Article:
Gentle hand washes that are suited for sensitive skin can help avoid irritation or rashes. If you regularly flare up, you can find a hand wash that is suited for your skin type with dermatologically safe, free from parabens.

Have a hand care routine

Building a regular hand care routine is the easiest way to keep on top of your hand care. You can either do this in the morning, the evening or throughout the day. Every hand care routine should involve the following steps.

Steps for hand care:

We teamed up with a Dermatologist Dr Hadley King to find out what the best hand care routine consists of. Here is what they recommend:

Wash hands well

Wash your hands thoroughly with gentle hand soap and water. Dry skin on your hands can be softened and smoothes by using a hand soap that’s kind to your skin, and has ingredients that help to lock in moisture as well as clean your hands.

Use a hand cream

By using a hand cream straight after you’ve washed your hands, it helps to lock in the moisture that can be removed from the water and drying your hands. Hand creams work to nourish and moisturise your hands, and you easily find the best hand cream for your skin type. Depending on whether you suffer from very dry hands, or have sensitive skin, or need a heavy-duty hand cream to help with dry hands caused by your job, you’ll be able to find one that suits you.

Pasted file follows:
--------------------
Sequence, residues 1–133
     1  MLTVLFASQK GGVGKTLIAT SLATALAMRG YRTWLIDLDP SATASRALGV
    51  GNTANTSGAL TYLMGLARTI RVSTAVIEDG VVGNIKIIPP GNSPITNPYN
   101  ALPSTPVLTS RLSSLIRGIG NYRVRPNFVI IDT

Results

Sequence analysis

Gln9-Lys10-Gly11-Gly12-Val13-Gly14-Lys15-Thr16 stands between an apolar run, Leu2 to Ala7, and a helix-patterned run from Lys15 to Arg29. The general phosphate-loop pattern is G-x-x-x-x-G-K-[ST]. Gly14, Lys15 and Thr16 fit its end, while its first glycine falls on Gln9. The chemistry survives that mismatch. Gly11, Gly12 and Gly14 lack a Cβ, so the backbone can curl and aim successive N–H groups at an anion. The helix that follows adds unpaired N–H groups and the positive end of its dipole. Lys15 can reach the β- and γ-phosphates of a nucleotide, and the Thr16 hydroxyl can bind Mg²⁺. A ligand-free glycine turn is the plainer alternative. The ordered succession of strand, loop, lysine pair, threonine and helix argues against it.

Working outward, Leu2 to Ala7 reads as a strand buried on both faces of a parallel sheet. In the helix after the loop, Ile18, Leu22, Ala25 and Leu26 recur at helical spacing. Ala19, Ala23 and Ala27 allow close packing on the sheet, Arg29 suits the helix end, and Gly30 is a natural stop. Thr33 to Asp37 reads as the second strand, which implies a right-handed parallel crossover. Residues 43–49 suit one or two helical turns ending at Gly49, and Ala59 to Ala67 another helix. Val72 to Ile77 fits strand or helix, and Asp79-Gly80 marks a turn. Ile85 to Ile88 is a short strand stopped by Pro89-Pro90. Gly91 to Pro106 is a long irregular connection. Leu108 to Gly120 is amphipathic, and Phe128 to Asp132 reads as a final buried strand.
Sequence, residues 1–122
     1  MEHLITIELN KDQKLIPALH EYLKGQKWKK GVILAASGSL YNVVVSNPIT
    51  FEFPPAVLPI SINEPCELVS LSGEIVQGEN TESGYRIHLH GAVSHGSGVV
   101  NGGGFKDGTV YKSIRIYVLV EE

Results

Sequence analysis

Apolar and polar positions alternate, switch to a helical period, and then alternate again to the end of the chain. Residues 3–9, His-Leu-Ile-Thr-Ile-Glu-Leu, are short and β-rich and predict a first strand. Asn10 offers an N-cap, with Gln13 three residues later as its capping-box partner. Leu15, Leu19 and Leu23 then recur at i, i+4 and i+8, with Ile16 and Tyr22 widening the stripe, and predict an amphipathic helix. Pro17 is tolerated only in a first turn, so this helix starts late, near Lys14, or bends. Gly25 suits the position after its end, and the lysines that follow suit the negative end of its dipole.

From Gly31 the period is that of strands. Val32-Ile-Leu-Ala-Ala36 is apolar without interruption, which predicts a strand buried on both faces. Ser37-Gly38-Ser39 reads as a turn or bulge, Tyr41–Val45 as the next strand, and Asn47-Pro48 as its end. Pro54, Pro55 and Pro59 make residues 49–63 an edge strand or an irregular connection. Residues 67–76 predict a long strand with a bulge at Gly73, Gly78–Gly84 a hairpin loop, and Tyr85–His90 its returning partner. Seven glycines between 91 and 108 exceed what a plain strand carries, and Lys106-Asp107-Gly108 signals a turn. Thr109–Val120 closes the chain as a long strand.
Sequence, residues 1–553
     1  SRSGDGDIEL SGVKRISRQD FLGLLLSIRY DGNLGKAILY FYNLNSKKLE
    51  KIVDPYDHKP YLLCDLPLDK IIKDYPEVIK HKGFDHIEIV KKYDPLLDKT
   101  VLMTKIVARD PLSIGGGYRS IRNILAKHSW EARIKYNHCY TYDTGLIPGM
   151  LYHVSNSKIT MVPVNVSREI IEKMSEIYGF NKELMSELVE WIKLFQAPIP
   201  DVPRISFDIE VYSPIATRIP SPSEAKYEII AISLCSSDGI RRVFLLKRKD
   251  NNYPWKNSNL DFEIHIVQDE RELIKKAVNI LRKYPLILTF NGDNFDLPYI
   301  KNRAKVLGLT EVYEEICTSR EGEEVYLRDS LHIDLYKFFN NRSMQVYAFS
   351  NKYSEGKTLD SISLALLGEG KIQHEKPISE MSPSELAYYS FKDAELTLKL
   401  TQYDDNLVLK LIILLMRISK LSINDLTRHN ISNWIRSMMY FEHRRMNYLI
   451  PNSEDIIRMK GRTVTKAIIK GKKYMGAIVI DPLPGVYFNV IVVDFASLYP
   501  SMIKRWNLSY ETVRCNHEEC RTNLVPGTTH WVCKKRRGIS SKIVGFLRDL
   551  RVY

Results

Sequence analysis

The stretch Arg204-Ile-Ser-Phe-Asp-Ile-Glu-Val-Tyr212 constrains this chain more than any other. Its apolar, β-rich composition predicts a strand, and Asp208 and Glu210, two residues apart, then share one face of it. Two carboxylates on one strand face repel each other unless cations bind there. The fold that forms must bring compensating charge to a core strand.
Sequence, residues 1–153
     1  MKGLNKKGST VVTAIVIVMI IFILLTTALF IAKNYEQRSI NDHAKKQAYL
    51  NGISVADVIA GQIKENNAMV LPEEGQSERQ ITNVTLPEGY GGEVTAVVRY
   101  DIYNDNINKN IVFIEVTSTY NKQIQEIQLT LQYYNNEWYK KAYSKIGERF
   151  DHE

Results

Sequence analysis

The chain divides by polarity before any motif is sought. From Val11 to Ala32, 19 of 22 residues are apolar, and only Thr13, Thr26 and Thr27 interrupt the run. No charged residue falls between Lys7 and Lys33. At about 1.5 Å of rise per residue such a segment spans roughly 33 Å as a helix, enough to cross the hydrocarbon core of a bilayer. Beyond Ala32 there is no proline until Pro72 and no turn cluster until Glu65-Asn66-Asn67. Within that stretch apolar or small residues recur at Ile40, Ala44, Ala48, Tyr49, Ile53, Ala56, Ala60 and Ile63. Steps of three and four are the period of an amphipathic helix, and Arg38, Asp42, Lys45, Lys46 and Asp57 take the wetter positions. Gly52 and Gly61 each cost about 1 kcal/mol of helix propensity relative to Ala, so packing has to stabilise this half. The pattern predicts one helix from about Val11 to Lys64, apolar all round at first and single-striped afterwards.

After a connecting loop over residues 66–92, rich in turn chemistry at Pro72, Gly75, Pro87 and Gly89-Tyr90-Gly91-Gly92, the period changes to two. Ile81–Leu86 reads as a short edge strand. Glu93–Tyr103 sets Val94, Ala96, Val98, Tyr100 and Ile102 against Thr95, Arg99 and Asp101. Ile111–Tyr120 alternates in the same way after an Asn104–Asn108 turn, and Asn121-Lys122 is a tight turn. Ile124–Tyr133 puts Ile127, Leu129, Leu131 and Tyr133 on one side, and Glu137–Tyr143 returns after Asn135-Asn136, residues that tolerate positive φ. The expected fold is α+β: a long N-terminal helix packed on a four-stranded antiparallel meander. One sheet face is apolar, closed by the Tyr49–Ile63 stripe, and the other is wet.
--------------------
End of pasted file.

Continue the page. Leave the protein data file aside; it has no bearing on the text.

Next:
Consider targeted skin products

Make sure you consider any targeted skincare products based on your skin. For example, if you suffer from skin conditions such as eczema or dermatitis, then include necessary creams or hand care products to combat this at this stage.

Exfoliate your hands regularly

Exfoliating your hands is different from moisturising your hands. Exfoliants are naturally a rougher consistency than hand creams, and they work to extract any dead skin cells or remnants from constant use and interaction with the elements. This more granular substance should be worked into the skin in a circular motion. Our skin naturally sheds around 30 skin cells a day, and by including exfoliation into your routine about once a week.

Wear suncream

The sun’s ultraviolet rays can damage the skin, as the ultraviolet light can burn the skin, reducing its elasticity and damaging the outer layer of melanin. Too much sun exposure allows UV rays to penetrate the lower layers of your skin that can cause long term damage, so by wearing suncream you’re protecting yourself from being burnt.

Don’t forget to moisturise

Moisturising hand and body lotions will be thinner than hand creams, as they have higher water content. Hand creams will be thicker in texture because of their high oil percentage. It’s important to remember to moisturise as well as use hand cream, as they treat your hands in different ways. For more on this, read our guide: Hand Cream vs Hand Lotion

Avoid very hot water when you wash your hands